Among the dozens of young hockey players skating around the Panthers training facility Monday afternoon, Aaron Ekblad stood out.
Unlike all but one other player, Ekblad has a single digit on his back. Ekblad's No. 5 will likely remain with him not only through this development camp but through training camp, into the upcoming season and beyond. It will also, no doubt, end up on the backs of many fans.
While the majority of those partaking in this camp -- almost all wearing high double-digits -- will be back in juniors or playing college hockey this fall, Ekblad expects to stay right where he is.
Being the first overall selection in the NHL draft brings many perks -- not just being able to select the number you wear.
It also gives Ekblad the true opportunity to make it to the NHL at the age of 18.
"It's what I do with those opportunities,'' Ekblad said after skating at the Panthers' training facility for the first time on Monday.
"There are a series of milestones and I have to perform and prove that I'm ready at each one of them, I'll prove I belong here. I'm obviously going to get the chance, but I have to prove myself. I can't rest on my laurels, rest on where I was drafted. I consider all of us as equals.''
The Panthers had flirted with the idea of trading the top pick in last month's draft but general manager Dale Tallon didn't get enough for it. Well, not enough to make him give up the rights to Ekblad.
Florida loves Ekblad's upside and ability to play older than his years.
Although defensemen take longer to develop than forwards because of the intricacies of the position, the Panthers feel Ekblad is going to be able to handle it.
Bryan McCabe, the former Florida captain, knows about the pressures Ekblad is facing. McCabe started his NHL career as a defenseman with the Islanders when he was 20. McCabe also became the youngest captain in the league by age 22.
"He's a kid in a man's body but is very confident and well-rounded in his game,'' said McCabe, who works in player development for the Panthers.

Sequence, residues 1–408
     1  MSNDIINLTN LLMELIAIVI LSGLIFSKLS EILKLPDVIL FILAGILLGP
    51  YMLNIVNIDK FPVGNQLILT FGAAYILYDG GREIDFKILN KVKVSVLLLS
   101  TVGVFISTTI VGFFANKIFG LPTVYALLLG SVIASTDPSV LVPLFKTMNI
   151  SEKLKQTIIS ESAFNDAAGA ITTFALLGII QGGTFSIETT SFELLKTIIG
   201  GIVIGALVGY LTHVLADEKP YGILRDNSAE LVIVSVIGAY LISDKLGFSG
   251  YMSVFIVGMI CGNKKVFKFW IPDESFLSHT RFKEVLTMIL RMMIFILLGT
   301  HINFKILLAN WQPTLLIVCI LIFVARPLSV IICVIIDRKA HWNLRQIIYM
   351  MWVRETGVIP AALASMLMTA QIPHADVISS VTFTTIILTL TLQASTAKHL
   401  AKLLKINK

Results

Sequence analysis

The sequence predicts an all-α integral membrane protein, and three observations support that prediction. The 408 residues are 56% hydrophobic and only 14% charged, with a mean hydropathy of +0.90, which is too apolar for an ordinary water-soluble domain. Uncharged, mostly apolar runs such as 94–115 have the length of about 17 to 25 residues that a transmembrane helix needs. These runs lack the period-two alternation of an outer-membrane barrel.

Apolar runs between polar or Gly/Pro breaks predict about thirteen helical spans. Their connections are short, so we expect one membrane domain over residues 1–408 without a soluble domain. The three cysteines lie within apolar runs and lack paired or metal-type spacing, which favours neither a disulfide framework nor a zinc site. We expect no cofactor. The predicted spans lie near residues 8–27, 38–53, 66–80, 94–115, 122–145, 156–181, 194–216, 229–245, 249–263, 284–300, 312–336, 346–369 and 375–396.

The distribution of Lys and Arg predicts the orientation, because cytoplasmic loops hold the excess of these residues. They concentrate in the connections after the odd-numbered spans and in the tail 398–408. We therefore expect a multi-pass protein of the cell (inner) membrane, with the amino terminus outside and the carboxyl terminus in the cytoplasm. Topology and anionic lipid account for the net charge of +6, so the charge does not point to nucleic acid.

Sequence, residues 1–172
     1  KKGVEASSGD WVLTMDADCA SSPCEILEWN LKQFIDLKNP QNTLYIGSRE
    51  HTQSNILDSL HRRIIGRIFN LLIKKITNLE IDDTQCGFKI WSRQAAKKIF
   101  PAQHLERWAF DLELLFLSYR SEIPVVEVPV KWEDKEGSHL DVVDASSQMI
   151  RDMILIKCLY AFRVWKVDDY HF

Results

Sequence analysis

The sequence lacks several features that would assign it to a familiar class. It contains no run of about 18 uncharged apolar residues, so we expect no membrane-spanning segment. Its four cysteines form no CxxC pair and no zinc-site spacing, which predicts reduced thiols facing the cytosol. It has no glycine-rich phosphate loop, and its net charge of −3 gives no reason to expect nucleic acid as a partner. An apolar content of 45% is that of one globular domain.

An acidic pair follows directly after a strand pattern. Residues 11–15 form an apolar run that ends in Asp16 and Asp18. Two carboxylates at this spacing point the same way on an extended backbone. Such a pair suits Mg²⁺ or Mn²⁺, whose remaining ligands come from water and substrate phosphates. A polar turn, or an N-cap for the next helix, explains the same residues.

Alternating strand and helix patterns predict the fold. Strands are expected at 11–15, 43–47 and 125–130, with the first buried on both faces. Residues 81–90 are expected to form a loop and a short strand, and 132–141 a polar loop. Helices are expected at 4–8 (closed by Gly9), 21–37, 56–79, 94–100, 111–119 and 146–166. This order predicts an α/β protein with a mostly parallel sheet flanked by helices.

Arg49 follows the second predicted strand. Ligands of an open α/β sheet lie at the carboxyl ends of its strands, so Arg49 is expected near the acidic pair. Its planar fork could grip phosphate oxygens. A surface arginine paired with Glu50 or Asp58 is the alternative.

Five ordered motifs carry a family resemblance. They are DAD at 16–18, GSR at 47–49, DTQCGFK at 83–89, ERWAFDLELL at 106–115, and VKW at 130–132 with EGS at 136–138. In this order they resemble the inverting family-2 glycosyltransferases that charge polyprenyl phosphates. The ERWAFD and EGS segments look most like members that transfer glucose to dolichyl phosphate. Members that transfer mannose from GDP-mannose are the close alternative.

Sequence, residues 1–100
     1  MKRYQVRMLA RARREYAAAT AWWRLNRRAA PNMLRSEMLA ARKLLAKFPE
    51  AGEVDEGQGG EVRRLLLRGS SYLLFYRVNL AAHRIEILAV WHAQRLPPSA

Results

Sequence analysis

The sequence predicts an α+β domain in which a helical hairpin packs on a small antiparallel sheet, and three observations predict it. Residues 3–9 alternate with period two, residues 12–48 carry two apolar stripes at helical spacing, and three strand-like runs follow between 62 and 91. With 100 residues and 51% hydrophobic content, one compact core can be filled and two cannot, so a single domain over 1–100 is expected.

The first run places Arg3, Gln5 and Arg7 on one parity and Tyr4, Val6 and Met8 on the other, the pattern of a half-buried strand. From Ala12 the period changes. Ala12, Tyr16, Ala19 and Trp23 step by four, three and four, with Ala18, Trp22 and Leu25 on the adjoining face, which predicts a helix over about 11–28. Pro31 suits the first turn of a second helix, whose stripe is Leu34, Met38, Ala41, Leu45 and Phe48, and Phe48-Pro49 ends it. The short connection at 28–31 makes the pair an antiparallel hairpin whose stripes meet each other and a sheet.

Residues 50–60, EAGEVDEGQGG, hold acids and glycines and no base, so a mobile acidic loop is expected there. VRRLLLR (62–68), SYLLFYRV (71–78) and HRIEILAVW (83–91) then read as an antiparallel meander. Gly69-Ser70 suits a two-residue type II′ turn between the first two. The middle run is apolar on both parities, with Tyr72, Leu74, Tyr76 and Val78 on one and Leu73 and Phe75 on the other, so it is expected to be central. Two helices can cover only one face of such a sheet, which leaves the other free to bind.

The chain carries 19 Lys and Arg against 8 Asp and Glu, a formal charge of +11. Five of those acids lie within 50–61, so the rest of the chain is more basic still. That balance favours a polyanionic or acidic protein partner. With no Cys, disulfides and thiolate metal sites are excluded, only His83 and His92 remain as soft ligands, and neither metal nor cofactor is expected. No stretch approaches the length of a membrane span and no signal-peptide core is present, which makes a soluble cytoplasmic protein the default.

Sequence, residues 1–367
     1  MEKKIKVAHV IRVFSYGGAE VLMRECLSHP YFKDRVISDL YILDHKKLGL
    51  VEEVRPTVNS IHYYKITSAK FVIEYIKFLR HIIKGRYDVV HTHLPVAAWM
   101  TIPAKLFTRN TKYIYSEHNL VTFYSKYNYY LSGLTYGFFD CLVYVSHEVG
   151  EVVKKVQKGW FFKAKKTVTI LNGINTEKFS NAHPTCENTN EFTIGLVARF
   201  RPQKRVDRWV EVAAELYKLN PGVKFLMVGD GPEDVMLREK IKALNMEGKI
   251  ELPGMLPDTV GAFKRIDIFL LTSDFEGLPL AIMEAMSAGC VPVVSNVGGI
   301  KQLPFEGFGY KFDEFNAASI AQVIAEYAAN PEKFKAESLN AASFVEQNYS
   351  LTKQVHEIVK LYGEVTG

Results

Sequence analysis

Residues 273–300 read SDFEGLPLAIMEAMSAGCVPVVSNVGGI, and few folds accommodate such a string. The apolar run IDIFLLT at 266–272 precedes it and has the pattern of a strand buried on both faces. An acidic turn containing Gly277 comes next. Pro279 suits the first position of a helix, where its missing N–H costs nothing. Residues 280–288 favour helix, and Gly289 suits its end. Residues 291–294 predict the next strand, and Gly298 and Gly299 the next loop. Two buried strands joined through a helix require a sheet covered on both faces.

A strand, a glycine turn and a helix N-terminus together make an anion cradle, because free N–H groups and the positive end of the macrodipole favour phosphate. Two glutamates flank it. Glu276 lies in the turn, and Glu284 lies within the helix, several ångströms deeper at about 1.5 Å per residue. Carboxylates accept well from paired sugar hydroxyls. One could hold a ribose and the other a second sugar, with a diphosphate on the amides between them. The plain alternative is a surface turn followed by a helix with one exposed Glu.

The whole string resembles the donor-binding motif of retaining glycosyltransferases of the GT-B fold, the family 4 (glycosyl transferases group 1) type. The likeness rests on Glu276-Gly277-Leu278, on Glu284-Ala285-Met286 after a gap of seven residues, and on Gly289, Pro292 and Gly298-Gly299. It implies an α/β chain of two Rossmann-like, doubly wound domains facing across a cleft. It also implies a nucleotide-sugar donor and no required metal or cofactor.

"He's very grounded and humble and doesn't act like a first-overall pick. He's going through the grind with everyone else. .-.-. He's handled the pressure thus far, there's no reason to think he won't now. He's very mature for his age.''
Ekblad said he won't take the opportunity the Panthers are giving him for granted. Florida is going to give Ekblad every chance to make the team out of training camp, but even if he does that, the battle isn't over.
Florida could allow Ekblad the chance to make the opening night roster but still send him back to his junior team in Canada after nine games.
Tallon said Ekblad's play will determine where he ends the upcoming season.
"We'll have a good long look at him at training camp,'' Tallon said Monday afternoon. "If he's ready, he's ready. If not, well, [Jonathan] Huberdeau went back. Guys come back better players.
"But if he's ready, we're keeping him, no doubt. We're still thinking the same thing about this being a marathon. We're getting closer with each draft.''
Said Ekblad: "I have the opportunity and I just need to run with it.''
-- The Panthers development camp continues Tuesday with on-ice sessions starting at 8:45 a.m. The camp is held at the Panthers IceDen in Coral Springs and is free and open to the public.
FIRST STEPS: Aaron Ekblad ready for challenges ahead with Florida Panthers
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